No, “age of wisdom” doesn’t sound right. Certainly there are reasons to suspect that foolishness and incredulity are in the ascendancy these days. Tom Rafferty, owner of the blog, Understand Reality Through Science, noted this week on Facebook, “Unless religion is marginalized, humanity will be up the roaring and rocky creek without a paddle.”

First Blurb For My Last Book!

Dr. Richard Carrier was probably the first scholar who recognized my work as important. He wrote blurbs for my books along with several chapters. I'll always be grateful to him. He's also the first person to recommend my last book, The Incompatibility of God and Horrendous Suffering:
Loftus has again produced a brilliant gallery of informed experts, now addressing the problem of evil from every angle, and with such power and depth that it shall be required reading for anyone promoting or opposing evil as a disproof of God." --Carrier is the author of Jesus from Outer Space and Sense and Goodness without God.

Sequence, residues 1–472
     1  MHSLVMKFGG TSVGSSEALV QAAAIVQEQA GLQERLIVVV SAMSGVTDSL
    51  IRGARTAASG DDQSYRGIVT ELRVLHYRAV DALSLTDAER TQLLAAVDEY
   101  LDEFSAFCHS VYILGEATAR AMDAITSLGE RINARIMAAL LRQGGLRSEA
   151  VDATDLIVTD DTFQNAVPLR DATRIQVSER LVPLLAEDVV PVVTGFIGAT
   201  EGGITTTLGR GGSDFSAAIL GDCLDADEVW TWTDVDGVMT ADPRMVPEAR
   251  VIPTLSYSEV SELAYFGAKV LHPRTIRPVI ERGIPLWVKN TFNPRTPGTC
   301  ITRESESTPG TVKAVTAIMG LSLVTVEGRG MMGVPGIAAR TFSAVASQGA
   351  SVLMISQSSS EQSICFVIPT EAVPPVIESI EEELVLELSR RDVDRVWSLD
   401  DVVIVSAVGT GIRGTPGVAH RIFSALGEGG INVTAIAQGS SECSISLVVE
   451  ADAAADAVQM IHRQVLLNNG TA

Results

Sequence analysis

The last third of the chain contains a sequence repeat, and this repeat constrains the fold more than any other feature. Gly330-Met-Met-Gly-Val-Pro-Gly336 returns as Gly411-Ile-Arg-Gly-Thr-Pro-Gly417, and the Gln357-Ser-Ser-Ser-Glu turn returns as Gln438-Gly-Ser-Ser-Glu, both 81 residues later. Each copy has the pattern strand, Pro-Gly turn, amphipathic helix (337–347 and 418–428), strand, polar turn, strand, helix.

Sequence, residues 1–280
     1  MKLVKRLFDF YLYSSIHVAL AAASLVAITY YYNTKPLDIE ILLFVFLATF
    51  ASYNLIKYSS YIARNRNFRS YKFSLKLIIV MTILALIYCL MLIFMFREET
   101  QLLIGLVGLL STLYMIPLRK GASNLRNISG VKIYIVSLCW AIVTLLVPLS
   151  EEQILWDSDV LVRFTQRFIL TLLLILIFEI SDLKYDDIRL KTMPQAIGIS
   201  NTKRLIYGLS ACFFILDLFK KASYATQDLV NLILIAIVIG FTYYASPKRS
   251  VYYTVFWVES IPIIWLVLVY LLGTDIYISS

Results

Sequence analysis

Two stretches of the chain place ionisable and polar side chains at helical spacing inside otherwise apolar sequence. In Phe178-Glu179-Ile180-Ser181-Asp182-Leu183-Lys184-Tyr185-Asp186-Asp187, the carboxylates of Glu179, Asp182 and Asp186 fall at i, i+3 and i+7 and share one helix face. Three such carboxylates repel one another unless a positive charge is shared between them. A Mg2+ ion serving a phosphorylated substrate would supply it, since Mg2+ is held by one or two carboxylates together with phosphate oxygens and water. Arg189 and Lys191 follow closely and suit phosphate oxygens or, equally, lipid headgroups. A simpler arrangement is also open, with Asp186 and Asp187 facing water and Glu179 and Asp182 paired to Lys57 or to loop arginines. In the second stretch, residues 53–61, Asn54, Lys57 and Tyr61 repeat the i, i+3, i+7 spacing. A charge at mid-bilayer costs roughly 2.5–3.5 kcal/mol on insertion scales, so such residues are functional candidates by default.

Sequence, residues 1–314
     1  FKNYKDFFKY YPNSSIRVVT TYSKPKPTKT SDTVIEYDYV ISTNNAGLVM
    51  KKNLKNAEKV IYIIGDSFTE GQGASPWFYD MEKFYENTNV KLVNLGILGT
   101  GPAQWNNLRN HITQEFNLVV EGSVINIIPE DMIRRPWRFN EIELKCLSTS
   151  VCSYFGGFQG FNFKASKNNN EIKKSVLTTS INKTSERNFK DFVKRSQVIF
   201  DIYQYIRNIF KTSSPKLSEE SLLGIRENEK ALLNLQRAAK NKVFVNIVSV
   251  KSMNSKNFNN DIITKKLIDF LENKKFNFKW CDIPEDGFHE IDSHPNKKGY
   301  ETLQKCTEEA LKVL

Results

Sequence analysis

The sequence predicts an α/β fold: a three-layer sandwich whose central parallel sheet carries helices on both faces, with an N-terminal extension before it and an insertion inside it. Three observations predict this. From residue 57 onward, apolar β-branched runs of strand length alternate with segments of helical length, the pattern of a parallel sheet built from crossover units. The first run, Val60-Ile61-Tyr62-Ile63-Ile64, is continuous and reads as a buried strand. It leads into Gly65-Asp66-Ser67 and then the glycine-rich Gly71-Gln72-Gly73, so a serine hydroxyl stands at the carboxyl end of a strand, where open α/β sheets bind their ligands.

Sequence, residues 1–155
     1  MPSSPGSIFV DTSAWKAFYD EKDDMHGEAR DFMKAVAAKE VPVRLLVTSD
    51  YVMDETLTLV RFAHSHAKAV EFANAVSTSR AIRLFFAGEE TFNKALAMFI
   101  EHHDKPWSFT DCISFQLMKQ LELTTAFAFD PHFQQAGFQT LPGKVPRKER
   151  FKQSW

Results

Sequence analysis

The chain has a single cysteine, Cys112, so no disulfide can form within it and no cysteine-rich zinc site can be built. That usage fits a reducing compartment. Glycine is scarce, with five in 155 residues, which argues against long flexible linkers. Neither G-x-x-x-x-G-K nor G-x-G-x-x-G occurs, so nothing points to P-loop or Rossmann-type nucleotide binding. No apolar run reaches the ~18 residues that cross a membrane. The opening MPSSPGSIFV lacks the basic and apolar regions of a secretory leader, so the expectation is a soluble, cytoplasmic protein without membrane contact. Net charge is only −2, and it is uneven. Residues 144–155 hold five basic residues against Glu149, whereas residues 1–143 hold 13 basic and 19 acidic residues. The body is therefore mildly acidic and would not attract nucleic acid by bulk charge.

"How the Gospels Became History", A Review by Dr. Richard C. Miller

The Ancient Christian Gospels as Historiae: A Secular-Critical Evaluation of M. David Litwa's "How the Gospels Became History".

Miller writes: "In the article I contend, contra Litwa, that the Gospels were not written or originally read as chronicles of factual historical events."

To provide him some feedback you can find him here:; or email him at:

In Defense of a Thoroughly Secular Christmas


“Maybe leave the manger in the basement”

So, what to talk about on this Christmas Friday? I could discuss the Jesus birth narratives in Matthew and Luke, i.e., that they cannot be taken seriously as history—and all the reasons why; that virgin birth is a borrowed concept, which most of the New Testament authors rejected. These birth narratives are so deeply embedded in the Christian psyche—baby Jesus in the manger—that the faithful are usually unwilling to examine them critically. So much has been researched and written on this, so I’ll take a pass on it today. But check out the article that John Loftus posted here yesterday, Johno Pearce (aka the Tippling Philosopher) Debunks the Nativity Narratives!


Johno Pearce (aka the Tippling Philosopher) Debunks the Nativity Narratives!